I feel my husband is in need of mental health help, however he refuses to seek help. He told me he is afraid they will lock him away like his father. His father has bi-polar and seeing this as a child greatly affected him. He has extreme mood changes from happy to rage in a split second over the smallest things. He now admitted that he is seeing people that he knows have died. He will look at someone and they will look just like the dead person he knew, then he looks away and they are normal. He is also dealing with a sex addiction and has just reached out to SA for help last night so he is taking the first steps needed.
My concern is how to get him the help he so desperately needs for his anger and self harm thoughts but not have him fear that the psychologist will lock him away. In the past year during times of high stress in our relationship he has slammed his head into a wall causing a concussion and has even looked up online how to hang himself. I’m very sure he suffers from depression and he feels he is slipping away. He said he is not the same person he was many years ago, and can only remember so far back into his past. He claims to have locked memories away in his mind and is afraid to let them out.
I know as a young child he was exposed to his father being in and out of psyche wards and his mother would take him to visit. He also has several other family members with mental health issues that he claims are worse then his father. This blocking off his memory and extreme rage makes me think maybe PTSD?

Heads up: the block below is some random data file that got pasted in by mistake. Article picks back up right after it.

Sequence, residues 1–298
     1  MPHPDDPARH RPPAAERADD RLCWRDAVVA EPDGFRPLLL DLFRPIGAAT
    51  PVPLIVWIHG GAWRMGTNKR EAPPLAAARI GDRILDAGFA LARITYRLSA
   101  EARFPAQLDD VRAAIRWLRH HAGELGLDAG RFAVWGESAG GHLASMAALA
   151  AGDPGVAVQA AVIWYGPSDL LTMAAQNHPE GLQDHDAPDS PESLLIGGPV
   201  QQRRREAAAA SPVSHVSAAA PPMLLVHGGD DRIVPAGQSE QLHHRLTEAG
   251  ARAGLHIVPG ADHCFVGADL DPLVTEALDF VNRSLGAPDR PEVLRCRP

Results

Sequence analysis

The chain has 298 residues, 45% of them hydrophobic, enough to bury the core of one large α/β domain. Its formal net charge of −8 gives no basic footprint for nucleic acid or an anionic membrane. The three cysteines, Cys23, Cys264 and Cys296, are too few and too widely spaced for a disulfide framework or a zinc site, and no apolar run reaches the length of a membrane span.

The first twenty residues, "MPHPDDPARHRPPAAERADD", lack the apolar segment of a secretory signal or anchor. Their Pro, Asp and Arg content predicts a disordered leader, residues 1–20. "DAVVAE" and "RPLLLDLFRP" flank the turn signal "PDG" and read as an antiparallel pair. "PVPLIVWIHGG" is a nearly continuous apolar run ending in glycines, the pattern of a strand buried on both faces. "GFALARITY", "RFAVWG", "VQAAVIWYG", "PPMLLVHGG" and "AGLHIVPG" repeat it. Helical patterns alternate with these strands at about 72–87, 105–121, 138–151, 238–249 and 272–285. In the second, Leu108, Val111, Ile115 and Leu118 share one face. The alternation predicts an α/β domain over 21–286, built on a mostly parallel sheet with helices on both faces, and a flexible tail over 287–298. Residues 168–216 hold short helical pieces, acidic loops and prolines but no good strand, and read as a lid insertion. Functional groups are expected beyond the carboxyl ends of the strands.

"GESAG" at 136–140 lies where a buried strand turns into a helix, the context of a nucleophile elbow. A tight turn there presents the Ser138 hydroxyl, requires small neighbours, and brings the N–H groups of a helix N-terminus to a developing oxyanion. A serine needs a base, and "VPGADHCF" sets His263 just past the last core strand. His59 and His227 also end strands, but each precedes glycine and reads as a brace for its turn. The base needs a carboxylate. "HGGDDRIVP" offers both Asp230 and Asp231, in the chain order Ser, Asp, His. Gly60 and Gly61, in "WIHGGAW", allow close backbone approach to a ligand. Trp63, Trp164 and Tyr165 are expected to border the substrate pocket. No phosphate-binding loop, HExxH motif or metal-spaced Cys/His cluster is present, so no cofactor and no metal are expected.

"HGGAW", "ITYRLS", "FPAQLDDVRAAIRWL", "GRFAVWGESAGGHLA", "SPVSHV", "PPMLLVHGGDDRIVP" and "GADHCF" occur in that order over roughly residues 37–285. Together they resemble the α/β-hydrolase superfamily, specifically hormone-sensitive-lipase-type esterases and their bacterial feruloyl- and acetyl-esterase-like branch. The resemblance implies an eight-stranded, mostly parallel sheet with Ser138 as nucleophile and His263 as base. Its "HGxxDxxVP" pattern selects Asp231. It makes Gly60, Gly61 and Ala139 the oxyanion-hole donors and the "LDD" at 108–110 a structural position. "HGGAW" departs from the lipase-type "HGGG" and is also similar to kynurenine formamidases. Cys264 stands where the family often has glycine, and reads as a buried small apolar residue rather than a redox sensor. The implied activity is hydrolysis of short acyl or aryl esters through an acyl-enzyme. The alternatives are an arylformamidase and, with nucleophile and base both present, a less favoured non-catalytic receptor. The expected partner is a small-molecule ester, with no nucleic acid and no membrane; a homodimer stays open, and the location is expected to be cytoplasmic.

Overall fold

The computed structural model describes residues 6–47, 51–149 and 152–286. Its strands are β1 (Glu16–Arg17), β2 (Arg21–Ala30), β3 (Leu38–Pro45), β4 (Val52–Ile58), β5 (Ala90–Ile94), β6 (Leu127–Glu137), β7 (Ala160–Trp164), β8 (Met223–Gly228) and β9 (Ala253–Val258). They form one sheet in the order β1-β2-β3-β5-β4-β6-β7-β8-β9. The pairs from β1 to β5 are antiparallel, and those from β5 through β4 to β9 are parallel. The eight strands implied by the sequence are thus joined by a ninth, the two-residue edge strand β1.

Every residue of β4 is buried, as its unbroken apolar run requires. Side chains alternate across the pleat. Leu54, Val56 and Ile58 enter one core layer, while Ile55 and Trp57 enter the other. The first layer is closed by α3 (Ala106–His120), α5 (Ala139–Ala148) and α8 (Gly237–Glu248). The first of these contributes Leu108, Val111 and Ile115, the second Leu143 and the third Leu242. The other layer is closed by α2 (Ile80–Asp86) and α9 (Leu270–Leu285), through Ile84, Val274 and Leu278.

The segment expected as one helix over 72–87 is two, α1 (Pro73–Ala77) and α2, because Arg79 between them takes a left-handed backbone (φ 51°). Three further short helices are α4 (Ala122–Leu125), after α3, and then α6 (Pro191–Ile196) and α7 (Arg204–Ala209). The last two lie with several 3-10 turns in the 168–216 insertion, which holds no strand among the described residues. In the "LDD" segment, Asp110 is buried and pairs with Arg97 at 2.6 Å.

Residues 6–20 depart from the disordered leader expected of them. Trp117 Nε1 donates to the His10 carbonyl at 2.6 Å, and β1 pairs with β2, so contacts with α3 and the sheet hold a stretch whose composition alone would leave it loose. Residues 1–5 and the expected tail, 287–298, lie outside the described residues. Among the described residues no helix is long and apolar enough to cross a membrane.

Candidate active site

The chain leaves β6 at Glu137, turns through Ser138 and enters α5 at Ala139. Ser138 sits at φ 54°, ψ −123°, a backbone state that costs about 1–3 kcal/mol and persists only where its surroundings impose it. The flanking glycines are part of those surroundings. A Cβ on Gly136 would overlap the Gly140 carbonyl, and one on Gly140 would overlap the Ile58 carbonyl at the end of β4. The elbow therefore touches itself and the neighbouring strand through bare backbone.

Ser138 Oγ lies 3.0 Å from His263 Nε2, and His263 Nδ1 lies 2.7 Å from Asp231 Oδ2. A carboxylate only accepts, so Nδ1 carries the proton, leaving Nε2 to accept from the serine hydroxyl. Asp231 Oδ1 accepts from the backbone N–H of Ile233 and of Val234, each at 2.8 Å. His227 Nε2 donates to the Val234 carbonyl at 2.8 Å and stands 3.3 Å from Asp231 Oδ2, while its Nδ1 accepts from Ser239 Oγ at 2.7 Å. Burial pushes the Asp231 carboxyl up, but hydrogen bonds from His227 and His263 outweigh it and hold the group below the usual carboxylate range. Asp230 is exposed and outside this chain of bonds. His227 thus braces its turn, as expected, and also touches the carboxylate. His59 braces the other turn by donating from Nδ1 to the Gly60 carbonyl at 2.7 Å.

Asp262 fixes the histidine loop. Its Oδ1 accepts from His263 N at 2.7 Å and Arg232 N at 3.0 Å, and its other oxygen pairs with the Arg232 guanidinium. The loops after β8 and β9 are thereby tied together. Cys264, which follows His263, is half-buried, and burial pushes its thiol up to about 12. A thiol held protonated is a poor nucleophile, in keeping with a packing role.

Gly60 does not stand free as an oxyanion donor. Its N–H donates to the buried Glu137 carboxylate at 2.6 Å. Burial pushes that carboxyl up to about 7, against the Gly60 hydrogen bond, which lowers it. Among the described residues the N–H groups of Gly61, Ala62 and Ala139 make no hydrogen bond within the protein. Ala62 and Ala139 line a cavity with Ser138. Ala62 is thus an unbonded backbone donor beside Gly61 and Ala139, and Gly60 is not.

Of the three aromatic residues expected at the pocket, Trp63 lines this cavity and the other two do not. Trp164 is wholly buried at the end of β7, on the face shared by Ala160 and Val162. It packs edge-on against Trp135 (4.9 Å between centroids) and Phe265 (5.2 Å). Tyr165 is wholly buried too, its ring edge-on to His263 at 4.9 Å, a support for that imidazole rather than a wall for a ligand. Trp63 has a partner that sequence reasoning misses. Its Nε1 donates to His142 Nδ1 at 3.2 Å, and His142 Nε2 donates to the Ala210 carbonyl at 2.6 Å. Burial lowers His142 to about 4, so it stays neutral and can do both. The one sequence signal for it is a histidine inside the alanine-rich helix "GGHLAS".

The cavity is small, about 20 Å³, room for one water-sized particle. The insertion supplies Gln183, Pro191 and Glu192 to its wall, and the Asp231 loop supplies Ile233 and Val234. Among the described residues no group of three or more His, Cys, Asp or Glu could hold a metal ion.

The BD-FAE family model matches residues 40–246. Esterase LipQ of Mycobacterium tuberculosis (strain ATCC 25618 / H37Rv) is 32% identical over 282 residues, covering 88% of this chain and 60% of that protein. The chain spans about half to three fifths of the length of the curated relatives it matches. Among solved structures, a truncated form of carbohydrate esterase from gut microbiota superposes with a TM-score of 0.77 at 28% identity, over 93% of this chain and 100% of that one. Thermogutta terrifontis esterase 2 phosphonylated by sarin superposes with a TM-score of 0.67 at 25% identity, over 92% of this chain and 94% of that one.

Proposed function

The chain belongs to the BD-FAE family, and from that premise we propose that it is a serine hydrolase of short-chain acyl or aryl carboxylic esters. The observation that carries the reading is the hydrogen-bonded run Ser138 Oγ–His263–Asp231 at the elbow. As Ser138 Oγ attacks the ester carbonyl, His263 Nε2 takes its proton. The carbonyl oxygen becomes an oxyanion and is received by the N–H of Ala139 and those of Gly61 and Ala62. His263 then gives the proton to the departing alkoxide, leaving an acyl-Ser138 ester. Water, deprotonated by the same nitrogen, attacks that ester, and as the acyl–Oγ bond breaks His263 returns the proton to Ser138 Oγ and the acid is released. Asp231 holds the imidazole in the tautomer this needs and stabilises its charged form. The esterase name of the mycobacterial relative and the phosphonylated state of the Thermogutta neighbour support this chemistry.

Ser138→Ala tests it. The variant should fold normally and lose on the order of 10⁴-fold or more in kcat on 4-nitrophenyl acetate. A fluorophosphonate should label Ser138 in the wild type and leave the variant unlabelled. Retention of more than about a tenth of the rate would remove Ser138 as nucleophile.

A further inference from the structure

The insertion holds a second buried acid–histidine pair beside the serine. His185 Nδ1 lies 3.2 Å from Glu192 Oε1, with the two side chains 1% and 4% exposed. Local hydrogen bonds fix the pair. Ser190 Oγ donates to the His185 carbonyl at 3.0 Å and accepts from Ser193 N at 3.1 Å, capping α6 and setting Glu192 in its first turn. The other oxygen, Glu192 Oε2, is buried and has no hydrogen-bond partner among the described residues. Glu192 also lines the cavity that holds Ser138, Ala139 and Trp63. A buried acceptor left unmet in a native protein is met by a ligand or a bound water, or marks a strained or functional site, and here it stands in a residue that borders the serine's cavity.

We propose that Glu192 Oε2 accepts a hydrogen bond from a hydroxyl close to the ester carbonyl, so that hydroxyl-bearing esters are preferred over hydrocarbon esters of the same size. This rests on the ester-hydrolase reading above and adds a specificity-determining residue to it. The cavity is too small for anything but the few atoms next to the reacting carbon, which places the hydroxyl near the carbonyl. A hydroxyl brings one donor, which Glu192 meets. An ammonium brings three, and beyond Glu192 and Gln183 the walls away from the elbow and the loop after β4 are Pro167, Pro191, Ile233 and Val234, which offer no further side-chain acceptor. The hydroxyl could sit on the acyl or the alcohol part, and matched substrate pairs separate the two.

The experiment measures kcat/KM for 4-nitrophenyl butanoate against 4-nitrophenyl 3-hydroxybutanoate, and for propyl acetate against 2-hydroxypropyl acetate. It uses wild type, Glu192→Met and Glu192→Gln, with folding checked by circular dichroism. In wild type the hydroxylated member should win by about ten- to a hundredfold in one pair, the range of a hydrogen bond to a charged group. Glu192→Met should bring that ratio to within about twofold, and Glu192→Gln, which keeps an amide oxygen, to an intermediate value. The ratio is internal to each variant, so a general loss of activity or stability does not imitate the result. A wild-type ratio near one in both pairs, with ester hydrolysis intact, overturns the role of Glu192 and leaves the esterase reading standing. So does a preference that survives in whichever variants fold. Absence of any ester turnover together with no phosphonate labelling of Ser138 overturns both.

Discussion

We have 2 young children and we want him to be healthy, I just don’t know how to convince him to get the help he needs. Any advice I can give him would be greatly appreciated.Husband Afraid to Seek Help for His Mental Health Issue
Husband Afraid to Seek Help for His Mental Health Issue
Don’t wait. The thoughts he is having and the internet searches indicate that he needs help sooner rather than later. Explain to him that you are not going to have them commit him, but you need him to feel better so he can be a more connected partner. Let him know he is not his father, and that you are know he has a more positive influence on your children than his father did with him. Go to the meeting with him — or, perhaps even better, go to a couple’s session with him. It might make this easier for him if the focus is on the couple rather than his illness, but at least this will get him in front of a professional where he could be seen and a plan for treatment evolve.